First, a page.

3.5 Tesla.
The working liquid was hydrogen whose
boiling point is 20.26 K.
The solenoid was surrounded by an
array of muon chambers.
BEBC was exposed to an intensive
neutrino beam.
BEBC was decommissioned in 1984.
11
one of the γs converts into an e+e-
pair; the neutron and the photons
leave no trails; due to the short lifetime of the neutral pion, the
reconstructed photon momentum points straight at the interaction
vertex. Actual picture on the left, schematic on the right.
Additional tracks must be ignored.
From D.H. Perkins,
Introduction to High Energy Physics
,
1972
Bubble chamber picture of π-p π0n, with decay π0
2γ;
incoming pion
Point of collision
12
Note
: In order to get a 3D view of the event, one takes
pictures with two or three cameras under different angles;
then one can identify spurious tracks, not associated with the
“interesting”event, and measure the curvatures of the tracks
(helixes!).
13
Bubble chamber picture of a Dalitz decay of a neutral pion
From D.H. Perkins,
Introduction to High Energy Physics
, 1972
14
Note:
neutral pions usually decay into two real photons
but about 1% of pi-zeros decay into one real and one virtual
photon which instantly breaks up into an electron-positron
pair (“Dalitz decay”, called after Richard Dalitz).
In the bubble chamber picture the second –real –photon
from the pi-zero decay did not get converted within the
bubble chamber volume (“fiducial volume”) and hence escaped
detection.
The next picture is of the famous event of the discovery of the
Ω-
baryon:
15
The first Ω-
event (Barnes
et al.
1964)
Barnes et al., Phys. Rev. Letters
12(1964) 204
From D.H. Perkins,
Introduction to High Energy Physics
, 1972
16
The Ω-
baryon (of strangeness S=-3) was theoretically
predicted by Murray Gell-Mann on the grounds of his
SU(3) model of particle classification.
His prediction included the approximate mass of the
Ω-, its decay modes and a rough idea of its lifetime.
The Ω-
is produced in a strong interaction that
conserves strangeness:
0
KKpK
+−−
Ω→
:1011SS
Ω

+=++
hence
3

=
Ω
S
But the Ω
-
cannot decay strongly; indeed, try the decay into
a baryon of strangeness -2 and an S=-1 meson:
17
Recall:
00
;;;KusKusKdsKds
−+
=
===
The s quark has strangeness -1, therefore the anti-s quark
has strangeness +1, and hence the K-
has strangeness -1
and the K+
and K0
have strangeness +1.
0
?K
−−
Ω→Ξ+
This decay is forbidden by energy conservation:
()
(
)
(
)
0
1672.45MeV,1321.31MeV,498MeVmmmK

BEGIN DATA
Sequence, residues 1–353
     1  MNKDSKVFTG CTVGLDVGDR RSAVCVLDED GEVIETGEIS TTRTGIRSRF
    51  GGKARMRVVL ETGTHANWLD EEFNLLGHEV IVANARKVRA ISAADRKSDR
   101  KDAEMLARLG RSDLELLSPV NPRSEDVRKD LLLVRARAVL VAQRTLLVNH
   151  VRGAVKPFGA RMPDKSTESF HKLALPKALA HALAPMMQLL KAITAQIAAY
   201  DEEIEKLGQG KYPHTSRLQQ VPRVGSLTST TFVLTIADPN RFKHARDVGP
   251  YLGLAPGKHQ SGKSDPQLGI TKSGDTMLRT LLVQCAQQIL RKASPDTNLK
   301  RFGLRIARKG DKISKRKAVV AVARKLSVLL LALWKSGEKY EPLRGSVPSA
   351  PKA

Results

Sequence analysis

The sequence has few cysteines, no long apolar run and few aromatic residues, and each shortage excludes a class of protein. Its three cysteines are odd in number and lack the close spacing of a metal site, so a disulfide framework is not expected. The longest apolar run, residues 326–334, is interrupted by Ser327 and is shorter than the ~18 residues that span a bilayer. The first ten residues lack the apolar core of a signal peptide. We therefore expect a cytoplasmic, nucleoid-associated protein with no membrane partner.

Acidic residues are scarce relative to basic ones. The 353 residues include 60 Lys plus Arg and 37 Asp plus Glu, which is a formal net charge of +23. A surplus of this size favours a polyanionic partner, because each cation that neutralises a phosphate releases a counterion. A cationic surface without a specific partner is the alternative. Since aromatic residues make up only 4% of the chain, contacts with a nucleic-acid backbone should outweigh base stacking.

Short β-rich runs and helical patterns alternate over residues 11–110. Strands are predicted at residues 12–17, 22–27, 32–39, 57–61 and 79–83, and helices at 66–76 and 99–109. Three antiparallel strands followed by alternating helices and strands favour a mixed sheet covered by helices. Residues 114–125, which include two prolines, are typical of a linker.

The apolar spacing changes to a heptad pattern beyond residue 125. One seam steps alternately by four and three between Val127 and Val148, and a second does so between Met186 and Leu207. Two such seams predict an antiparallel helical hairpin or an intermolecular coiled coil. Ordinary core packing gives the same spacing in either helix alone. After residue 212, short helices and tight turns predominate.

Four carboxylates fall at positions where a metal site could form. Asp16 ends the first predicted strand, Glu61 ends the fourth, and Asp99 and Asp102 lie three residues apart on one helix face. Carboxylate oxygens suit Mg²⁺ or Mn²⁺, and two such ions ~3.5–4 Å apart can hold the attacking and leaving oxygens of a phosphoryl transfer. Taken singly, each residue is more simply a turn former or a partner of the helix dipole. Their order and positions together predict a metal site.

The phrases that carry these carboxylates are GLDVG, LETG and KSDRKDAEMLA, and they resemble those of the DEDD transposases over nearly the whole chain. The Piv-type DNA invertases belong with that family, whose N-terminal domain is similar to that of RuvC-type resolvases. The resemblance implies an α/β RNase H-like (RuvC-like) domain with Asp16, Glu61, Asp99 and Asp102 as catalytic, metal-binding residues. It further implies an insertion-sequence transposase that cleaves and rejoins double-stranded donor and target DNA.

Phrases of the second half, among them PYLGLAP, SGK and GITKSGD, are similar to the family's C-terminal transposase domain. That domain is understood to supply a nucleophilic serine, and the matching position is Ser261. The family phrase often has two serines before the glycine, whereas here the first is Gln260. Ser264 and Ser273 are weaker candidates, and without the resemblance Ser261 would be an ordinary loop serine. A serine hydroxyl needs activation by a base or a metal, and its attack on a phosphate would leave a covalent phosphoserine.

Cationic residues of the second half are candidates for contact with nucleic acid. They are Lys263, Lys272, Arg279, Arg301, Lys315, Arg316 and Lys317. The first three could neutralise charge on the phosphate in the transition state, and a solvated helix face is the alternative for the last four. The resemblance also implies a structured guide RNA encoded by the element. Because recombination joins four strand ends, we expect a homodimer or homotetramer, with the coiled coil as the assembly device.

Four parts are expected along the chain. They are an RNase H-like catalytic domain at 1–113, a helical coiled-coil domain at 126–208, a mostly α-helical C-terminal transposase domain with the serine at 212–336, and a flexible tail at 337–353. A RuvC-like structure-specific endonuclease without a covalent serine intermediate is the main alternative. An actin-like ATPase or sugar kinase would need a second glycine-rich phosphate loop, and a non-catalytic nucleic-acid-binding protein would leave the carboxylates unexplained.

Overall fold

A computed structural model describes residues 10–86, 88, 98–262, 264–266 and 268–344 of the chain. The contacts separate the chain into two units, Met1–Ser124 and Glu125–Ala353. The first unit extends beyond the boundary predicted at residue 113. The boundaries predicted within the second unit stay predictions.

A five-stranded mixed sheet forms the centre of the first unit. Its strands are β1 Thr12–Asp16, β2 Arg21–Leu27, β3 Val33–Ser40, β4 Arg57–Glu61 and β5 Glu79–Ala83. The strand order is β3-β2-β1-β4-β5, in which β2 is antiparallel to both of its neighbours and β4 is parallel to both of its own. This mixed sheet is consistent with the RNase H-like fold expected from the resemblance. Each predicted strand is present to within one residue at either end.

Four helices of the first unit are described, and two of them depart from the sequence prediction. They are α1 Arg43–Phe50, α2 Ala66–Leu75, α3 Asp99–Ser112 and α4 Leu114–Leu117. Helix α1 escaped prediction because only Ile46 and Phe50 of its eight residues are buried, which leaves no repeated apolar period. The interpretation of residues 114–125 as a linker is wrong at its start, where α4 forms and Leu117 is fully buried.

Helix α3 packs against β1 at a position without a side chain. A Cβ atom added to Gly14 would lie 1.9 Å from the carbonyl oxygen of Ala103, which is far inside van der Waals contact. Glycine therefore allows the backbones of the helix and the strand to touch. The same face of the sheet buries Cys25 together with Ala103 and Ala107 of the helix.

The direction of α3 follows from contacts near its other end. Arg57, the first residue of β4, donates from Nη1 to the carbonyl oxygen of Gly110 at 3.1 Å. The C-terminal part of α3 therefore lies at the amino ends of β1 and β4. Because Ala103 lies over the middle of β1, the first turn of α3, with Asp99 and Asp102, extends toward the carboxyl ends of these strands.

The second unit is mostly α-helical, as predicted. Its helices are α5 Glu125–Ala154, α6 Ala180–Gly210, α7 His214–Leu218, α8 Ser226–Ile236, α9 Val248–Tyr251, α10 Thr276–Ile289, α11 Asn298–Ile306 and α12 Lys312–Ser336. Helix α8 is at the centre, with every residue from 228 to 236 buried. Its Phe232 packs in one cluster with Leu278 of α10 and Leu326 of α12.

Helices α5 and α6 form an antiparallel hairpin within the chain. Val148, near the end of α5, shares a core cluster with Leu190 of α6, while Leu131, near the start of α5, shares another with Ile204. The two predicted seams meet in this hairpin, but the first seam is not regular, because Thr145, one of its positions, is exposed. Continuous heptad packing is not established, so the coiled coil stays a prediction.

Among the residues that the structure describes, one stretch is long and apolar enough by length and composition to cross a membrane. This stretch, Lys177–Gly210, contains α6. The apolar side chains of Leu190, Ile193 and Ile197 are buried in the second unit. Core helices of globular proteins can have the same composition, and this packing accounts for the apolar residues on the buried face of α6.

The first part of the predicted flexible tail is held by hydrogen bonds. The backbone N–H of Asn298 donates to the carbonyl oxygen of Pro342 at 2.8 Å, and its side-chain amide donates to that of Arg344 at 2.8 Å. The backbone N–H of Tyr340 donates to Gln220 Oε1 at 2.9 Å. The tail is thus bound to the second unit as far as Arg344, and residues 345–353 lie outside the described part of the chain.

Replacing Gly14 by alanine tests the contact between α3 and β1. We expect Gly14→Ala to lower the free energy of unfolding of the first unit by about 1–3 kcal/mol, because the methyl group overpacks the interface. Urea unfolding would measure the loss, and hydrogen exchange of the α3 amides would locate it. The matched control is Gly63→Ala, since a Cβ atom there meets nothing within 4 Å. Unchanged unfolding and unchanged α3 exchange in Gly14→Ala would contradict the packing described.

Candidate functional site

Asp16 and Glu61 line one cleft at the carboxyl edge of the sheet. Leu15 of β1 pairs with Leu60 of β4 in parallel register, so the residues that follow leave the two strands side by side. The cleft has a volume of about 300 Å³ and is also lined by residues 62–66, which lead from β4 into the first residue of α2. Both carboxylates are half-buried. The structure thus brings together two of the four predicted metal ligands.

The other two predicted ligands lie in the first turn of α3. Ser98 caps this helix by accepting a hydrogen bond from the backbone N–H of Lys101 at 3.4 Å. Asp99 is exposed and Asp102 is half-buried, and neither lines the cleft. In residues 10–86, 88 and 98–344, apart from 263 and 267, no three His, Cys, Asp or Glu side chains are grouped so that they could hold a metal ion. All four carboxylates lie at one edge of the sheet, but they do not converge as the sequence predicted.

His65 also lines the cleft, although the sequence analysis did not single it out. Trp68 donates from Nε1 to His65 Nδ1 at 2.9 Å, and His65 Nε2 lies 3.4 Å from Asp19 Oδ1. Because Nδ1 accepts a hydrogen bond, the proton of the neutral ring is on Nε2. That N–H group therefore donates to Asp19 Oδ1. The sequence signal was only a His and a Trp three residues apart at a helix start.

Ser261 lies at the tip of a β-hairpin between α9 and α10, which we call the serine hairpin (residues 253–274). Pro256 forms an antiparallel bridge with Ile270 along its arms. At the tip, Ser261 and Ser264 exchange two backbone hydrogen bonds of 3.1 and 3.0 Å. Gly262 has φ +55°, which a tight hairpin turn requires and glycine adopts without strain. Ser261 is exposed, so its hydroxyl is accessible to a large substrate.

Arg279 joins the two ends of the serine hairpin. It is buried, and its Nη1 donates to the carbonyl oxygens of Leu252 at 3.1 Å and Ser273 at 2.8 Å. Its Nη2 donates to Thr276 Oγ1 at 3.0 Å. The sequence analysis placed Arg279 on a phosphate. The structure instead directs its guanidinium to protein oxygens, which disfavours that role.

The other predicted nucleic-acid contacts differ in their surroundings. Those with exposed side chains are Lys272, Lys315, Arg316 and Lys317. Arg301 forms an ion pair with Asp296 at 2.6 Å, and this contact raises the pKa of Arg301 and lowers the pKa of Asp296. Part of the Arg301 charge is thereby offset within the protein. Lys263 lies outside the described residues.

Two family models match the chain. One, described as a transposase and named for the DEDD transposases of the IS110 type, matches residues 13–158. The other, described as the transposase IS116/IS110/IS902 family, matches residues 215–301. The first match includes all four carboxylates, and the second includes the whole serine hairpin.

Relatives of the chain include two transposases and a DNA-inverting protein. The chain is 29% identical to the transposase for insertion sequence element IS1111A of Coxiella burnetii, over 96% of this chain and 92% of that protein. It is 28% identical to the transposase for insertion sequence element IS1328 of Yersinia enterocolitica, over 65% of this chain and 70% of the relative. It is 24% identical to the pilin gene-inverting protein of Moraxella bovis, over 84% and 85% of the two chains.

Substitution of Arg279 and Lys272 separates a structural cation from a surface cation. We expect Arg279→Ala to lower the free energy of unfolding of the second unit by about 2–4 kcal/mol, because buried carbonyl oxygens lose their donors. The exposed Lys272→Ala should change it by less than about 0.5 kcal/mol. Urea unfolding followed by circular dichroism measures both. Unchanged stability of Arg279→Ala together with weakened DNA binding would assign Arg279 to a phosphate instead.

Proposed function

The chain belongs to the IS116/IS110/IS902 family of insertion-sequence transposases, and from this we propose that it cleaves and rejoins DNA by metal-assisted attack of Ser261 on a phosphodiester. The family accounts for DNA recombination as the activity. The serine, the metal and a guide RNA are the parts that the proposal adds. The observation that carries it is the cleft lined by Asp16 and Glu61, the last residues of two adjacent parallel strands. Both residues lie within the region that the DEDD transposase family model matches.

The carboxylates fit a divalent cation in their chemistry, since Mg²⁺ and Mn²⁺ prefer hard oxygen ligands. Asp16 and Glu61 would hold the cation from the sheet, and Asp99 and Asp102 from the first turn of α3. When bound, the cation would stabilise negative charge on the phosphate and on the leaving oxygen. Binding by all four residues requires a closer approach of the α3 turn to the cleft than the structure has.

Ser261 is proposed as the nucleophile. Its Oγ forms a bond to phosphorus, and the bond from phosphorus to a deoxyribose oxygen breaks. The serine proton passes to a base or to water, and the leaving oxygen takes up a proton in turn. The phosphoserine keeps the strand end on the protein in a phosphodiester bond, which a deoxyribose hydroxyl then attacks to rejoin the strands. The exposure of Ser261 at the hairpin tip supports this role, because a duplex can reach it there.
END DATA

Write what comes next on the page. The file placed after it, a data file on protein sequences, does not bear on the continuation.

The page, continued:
−−
Ω=Ξ==
hence
(
)
(
)
()
0
mmmK
−−
Ω<Ξ+
But weak decays are allowed since they proceed with a change
of strangeness, e.g.
(
)
0
1S
π
−−
Ω
→Ξ+Δ=
18
Discovery of Neutral Currents (1973)
The next example is a picture of a neutral current
event taken in the CERN heavy liquid bubble chamber
Gargamelle, which was exposed to a muon-neutrino beam.
This and similar events confirmed in 1973 the existence
of the neutral intermediate vector boson, predicted in
the unified electroweak interactiontheory of
Glashow, Salam and Weinberg.
The muon neutrinos are incident from the left. The charged particle
tracks are identified by their curvature (giving the momentum) and
density of ionization (giving the energy). They look in the picture
like being created “
out of nothing
”; no outgoing muon was seen in this
event, so the outgoing lepton must be a muon neutrino to conserve
the muon lepton number.
19
Neutral current event
ν
μ
Z0
(from Martin and Shaw,
Particle Physics
, 2nd edition)
νμ
N
X
Feynman diagram
of a neutral current
reaction;
Xis any system of
Neutrino beam
20
Charged current event
in the CERN heavy liquid bubble chamber
The neutrino
comes in from
below; it interacts
with a nuclear
neutron. The
reaction is

μ
ν
μ
pn
Muon track
Proton track
From D.H. Perkins,
Introduction to High Energy Physics
, 1972
νbeam
21
Production of a charmed D* meson seen in the BEBC bubble chamber
exposed to a neutrino beam at CERN.
primary
interaction
secondary
interaction
22
The interpretation of an event like this does obviously present
a serious problem of kinematics. Indeed, all that is seen by
the experimentalist is the reaction
p
pK
μ
ν
μππ

++−

(that the initial state hadron was a
proton
and not a
neutron
follows from charge balance).
The reaction is a CC weak interaction process; this follows from
having a neutrino beam and a muon in the final state coming from
the interaction vertex.
After that observation one must test any number of hypotheses,
especially if one of the intermediate particles has not been
seen previously. I hope that before the end of this course, if we
come back to this event, we shall be able to understand it more
deeply, including the dynamics of the interaction.